When I first began in missions many years ago, prayer cards were expensive and time-consuming. Today, I whip them out in about an hour and they arrive in whatever quantity I choose directly to any Stateside. What a difference!
Techniques of the Past
My first prayer card was printed by professional printers who specialized in, you guessed it, prayer cards! Our mission agency connected us with a few companies that would do this. We supplied a photo, chose from a preset layout, and filled in some text. Weeks later some nice, thick, but rather costly prayer cards arrived in the mail.
As technology progressed, we were able to use some simple prayer-card templates. Adding our photo and some text, I would place an order with some lower-cost printers who were still specialized in these sorts of things. Card-stock was still used and prices were still a bit high.
Those slow, costly days of prayer card creation are long gone. Here’s the current three-step method I use to save time, money, and aggravation.
Step One: Find a Photo
At least for me, the expense of paying a professional photographer for a posed photo is a thing of the past. In fact, posing at all is generally not necessary. Most of us have dozens if not hundreds of selfies and shots our friends have taken of us. It shouldn’t take long to choose a photo that you like of yourself somewhere in your country of service.
For many of us who either love to see ourselves in photos (and thus take a long time looking through our galleries) or hate the way we look (and thus take too long to find a satisfactory exemplar) this may be the hardest step.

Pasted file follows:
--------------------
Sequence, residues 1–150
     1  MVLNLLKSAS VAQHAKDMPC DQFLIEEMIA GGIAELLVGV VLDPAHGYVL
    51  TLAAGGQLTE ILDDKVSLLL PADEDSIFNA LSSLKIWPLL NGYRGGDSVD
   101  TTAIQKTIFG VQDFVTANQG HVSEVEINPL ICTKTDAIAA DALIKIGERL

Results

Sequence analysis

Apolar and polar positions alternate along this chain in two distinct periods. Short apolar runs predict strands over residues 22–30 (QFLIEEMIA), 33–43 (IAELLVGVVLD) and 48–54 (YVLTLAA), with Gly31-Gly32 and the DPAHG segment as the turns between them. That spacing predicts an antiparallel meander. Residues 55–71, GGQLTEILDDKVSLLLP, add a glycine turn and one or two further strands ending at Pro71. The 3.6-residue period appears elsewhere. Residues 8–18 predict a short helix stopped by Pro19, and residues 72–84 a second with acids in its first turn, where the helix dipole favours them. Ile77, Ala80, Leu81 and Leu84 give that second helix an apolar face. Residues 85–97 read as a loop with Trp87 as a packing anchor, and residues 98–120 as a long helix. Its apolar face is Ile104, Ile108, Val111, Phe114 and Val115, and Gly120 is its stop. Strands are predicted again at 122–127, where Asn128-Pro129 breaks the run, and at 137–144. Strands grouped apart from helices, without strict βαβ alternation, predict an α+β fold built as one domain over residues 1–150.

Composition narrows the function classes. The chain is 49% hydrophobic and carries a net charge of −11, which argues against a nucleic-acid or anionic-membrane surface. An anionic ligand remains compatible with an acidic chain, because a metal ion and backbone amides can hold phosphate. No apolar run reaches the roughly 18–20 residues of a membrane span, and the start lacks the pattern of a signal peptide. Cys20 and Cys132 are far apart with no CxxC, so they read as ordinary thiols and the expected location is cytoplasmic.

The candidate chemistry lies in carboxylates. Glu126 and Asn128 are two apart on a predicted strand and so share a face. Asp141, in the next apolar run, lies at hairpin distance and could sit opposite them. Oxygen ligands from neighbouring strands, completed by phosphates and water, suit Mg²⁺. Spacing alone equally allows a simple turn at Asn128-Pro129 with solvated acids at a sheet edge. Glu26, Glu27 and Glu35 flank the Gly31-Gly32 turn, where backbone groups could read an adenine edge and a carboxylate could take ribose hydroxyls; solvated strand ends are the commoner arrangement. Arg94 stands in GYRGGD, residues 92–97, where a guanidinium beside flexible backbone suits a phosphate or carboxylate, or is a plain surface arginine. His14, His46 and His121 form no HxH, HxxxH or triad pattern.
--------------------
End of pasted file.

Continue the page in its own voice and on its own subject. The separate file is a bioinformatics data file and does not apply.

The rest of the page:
Step Two: Make Your Own Layout
The number of photo editing software programs and apps out there has skyrocketed. You can pay big bucks, pay for quality templates, or you can just do-it-yourself on a freebee app.
For our most recent prayer card, I hustled over to Canva, clicked on “Create a Design” and then “Custom Size” and entered my prayer card preference of 6 inches by 4 inches. You can certainly look at all the pretty templates (free and for-a-fee), but I just chose to upload our photo, add some text here and there, and call it good.
Pro Note: Because the photo printing service I use isn’t always spot-on with cutting the photos down, I would recommend leaving a buffer of about ¼ inch on all sides of your text when making your design. That should keep any mis-cuts from running your lovely design.
Check your resulting design or, better still, have someone else lend their fresh eyes to check your work and then download your beautiful image to your computer.
Step Three: Order Your Prints
I’ve had pretty good luck with Snapfish for this step, but there are many others. It’s a pretty simple endeavor to upload your prayer card design, choose the size of your prints (for me, that’s still 6 inches by 4 inches), and order the quantity you desire. For the printing service, your upload is nothing more than a photo. Unless you specify something special, your prayer “card” will be a high-quality, one-sided print on photo paper.
While on Stateside trips, I have a batch of them sent to some friendly US address, so I can distribute them as I meet with people and speak in churches that partner with our ministry. When I can’t get to a church in person, I have occasionally just sent a package of cards directly to the congregation. Easy peasy.
A Note About Pricing
The prices at these photo printing hubs vary widely. At the very minimum, be sure to look for deals and discount codes on the website you are using. The fine print can save you money. I’ll often find deals on 99 photos as opposed to 100. Adding 1 more will increase the price dramatically. If you are a more aggressive shopper, doing a quick web search might gain you some additional coupon codes or free shipping offers.
For the truly savvy saver, clicking through a shopping portal almost always makes sense. I generally use TopCashBack as my go-to, but CashbackMonitor sometimes points me to another portal that has a special offer that beats even TopCashBack.
So that’s my cheap and easy, three-step process for making prayer cards in as little as an hour. Do you have a faster method? A cheaper way? Better tools? Drop us a note and let us know what you are using.